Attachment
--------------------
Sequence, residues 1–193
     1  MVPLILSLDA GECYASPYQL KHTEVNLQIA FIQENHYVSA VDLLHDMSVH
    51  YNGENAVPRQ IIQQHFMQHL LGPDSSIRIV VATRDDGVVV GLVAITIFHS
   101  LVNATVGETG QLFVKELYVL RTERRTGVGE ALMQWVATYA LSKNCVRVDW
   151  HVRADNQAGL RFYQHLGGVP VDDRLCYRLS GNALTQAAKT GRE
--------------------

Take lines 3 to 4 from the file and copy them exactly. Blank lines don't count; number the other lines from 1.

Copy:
    51  YNGENAVPRQ IIQQHFMQHL LGPDSSIRIV VATRDDGVVV GLVAITIFHS
   101  LVNATVGETG QLFVKELYVL RTERRTGVGE ALMQWVATYA LSKNCVRVDW